White House issues quantum computing strategy and hosts public-private summit

Quantum science summit
A White House summit on quantum information science brings together Jake Taylor of the Office of Science and Technology Policy, France Cordova of the National Science Foundation, Paul Dabbar of the U.S. Energy Department, Walter Copan of the National Institute of Standards and Technology and Mike Griffin of the Defense Department. (White House / OSTP Photo via Twitter)

Federal officials and industry leaders — including representatives from Microsoft and Google — met today at a White House summit to spark new initiatives in quantum information science.

Among the recommendations contained in a newly released strategic overview: setting up a U.S. Quantum Consortium, modeled after past efforts such as the non-profit, industry-led Semiconductor Research Corp.; and establishing a set of Grand Challenges to focus quantum computing research.

Quantum computing stands in contrast to the world of classical computing, which is grounded in the ones and zeros of binary bits. Quantum bits, or qubits, can represent both ones and zeros in superposition. That opens up new possibilities for understanding complex phenomena ranging from chemical reactions and changing climate conditions to the origins of the cosmos.

One of the most immediate concerns has to do with data encryption: Theoretically, quantum computers could be used to crack the code that’s widely used for secure online transactions and communications, and also enable new methods of tamper-proof data transfer.

The White House’s National Cyber Strategy, issued last week, underscored the importance of developing “quantum-resistant, public key cryptographic algorithms.” Concerns about crypto also come in for a mention in today’s strategy paper on quantum computing.

“The need to protect sensitive data and provide a reliable infrastructure over the long term requires moving to ‘post-quantum’ or ‘quantum-resistant’ forms of cryptography,” according to the subcommittee behind the strategy paper, which includes officials from federal agencies ranging from the Office of Science and Technology Policy and NASA to the Homeland Security Department. the Defense Department and the Office of the Director of National Intelligence.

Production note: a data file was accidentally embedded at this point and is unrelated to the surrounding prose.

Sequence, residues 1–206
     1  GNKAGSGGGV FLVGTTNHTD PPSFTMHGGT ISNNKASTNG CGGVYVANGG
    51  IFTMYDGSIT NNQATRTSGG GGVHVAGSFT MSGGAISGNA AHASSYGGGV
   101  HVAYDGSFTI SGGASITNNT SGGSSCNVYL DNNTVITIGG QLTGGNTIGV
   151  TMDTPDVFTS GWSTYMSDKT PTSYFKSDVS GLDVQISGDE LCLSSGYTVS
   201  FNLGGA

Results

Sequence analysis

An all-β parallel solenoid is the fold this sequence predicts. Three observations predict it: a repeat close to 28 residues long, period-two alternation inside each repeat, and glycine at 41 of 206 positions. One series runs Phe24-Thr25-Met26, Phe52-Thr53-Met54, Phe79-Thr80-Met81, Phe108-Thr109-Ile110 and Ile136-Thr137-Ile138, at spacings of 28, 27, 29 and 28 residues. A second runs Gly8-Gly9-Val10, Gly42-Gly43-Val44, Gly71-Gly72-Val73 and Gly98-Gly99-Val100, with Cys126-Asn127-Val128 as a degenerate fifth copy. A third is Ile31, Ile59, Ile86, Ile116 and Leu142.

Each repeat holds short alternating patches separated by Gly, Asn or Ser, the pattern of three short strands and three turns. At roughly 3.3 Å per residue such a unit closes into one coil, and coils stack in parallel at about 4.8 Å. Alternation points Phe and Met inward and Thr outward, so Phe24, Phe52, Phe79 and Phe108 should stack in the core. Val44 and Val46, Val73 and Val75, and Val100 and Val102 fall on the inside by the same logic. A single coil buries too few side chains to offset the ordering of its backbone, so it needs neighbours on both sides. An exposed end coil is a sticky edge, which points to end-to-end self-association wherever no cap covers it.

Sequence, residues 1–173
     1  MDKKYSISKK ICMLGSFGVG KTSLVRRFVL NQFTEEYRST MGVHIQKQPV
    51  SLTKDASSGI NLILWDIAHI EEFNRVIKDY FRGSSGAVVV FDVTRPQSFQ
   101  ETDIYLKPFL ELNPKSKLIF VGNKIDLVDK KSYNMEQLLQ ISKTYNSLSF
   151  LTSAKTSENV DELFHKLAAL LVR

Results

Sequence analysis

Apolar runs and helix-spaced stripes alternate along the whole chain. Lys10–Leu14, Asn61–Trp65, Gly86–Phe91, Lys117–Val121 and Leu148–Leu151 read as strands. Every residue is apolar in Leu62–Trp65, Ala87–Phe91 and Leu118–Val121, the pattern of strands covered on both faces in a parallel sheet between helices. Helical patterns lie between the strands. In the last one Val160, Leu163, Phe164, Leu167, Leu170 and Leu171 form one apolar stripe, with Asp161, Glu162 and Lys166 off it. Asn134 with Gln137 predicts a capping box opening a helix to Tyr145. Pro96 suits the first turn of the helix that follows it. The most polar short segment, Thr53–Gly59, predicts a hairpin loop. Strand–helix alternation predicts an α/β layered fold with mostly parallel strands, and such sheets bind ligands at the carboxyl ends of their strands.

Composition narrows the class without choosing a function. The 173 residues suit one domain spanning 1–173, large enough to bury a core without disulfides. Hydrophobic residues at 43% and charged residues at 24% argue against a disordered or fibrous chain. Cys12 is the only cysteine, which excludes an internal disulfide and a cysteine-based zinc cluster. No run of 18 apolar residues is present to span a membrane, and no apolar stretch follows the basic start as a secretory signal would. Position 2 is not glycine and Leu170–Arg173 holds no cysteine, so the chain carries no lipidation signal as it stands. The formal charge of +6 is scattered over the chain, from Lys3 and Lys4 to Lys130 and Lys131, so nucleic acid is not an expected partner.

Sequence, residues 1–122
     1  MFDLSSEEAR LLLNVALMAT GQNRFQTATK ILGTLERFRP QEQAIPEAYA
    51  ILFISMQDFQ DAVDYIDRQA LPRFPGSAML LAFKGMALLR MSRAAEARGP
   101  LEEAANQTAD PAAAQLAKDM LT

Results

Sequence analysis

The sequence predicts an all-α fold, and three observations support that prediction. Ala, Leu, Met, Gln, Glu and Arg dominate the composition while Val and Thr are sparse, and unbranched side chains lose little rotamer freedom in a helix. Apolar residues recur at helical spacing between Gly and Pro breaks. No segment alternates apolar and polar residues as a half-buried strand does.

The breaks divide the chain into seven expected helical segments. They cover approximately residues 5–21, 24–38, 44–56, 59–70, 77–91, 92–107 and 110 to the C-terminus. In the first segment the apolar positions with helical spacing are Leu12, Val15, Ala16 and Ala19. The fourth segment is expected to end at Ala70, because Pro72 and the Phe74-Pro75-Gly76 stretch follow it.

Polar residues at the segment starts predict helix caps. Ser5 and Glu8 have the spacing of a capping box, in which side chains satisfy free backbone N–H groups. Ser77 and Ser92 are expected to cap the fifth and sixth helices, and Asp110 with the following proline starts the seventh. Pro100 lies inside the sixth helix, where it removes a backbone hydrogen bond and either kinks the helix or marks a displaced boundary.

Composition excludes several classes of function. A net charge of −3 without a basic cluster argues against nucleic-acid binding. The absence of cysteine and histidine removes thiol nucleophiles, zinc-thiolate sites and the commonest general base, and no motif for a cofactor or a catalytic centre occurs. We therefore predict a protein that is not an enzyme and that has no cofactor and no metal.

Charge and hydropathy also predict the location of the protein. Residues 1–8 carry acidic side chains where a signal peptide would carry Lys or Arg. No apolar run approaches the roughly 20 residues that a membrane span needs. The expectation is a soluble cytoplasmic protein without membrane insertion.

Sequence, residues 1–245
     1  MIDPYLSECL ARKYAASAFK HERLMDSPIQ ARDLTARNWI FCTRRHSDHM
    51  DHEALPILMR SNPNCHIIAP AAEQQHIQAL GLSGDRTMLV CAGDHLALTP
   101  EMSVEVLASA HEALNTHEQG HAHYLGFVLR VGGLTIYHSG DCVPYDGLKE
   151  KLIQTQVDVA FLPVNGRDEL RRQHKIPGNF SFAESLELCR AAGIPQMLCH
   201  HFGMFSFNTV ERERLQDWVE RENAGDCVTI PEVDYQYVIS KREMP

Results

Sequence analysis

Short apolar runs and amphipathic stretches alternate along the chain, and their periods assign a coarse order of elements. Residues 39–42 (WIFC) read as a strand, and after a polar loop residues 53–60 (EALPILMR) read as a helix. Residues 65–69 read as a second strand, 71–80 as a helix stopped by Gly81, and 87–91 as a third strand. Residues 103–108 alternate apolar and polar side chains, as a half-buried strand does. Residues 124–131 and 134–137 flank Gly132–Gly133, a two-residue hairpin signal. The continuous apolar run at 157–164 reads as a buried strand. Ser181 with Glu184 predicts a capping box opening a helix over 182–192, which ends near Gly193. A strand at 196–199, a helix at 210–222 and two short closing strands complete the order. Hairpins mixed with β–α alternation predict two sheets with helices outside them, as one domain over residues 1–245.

In addition to setting up the U.S. Quantum Consortium and the Grand Challenges program, the paper calls upon agencies to draw up their own strategies for furthering quantum information research by the first quarter of 2019.

Such strategies should take a “science-first approach” to applications projected on a 10-year horizon, focusing on challenges that could include new types of quantum processors, sensors, navigation tools and security systems. The challenges could bring about “new approaches to understanding materials, chemistry and even gravity through quantum information theory,” the strategy paper said.

Researchers in the U.S. and allied countries have made lots of headway in quantum computing over the past couple of decades: Last month, Canada’s D-Wave Systems reported that its 2,048-qubit quantum computer could be used to simulate exotic phenomena associated with superconductivity. D-Wave, which counts Amazon billionaire Jeff Bezos among its investors, has been working for years with Google, NASA, Lockheed Martin and other customers on the frontiers of quantum computing.

Microsoft has its own initiative in the field: At last year’s GeekWire Summit, Microsoft CEO Satya Nadella listed quantum computing, along with artificial intelligence and mixed reality, as the three core technologies that will shape his company’s future.

In addition to Microsoft, Lockheed Martin and Google, the companies represented at today’s White House summit included IBM, Intel, ATT, Northrop Grumman, Honeywell, Goldman Sachs and JPMorgan Chase. (Check out the agenda and list of attendees.)

During the summit, the Department of Energy announced that it was setting aside $218 million in funding for 85 research projects, including one study proposed by Pacific Northwest National Laboratory. (Check out the lists of awards and institutions here, here, here and here.)

The National Science Foundation said it would provide $31 million in awards for fundamental quantum research. “These new investments will position the U.S. to be a global leader in quantum research and development and help train the next generation of quantum researchers,” NSF Director France Cordova said in a statement. (The University of Oregon is among award recipients. Check out the lists here and here.)

Congress is working on legislation to provide $1.3 billion over the next 10 years to support research and development in quantum computing. The National Quantum Initiative Act has been approved by the House and is under consideration in the Senate.

China looms as a powerful competitor in the quantum computing race. Chinese researchers hold the record for long-distance quantum communications as well as for quantum entanglement of qubits.

In a July op-ed, the chairs of the House and Senate science committees, Lamar Smith and John Thune, said the international competition in quantum computing is a “race we must win.”

“China and the European Union are investing billions of dollars in new research facilities and equipment for quantum efforts. China, in particular, has stated publicly its national goal of surpassing the U.S. during the next decade,” the two Republicans wrote. “That is why our nation must devise a national quantum strategy and preserve America’s lead in the race to this technology.”

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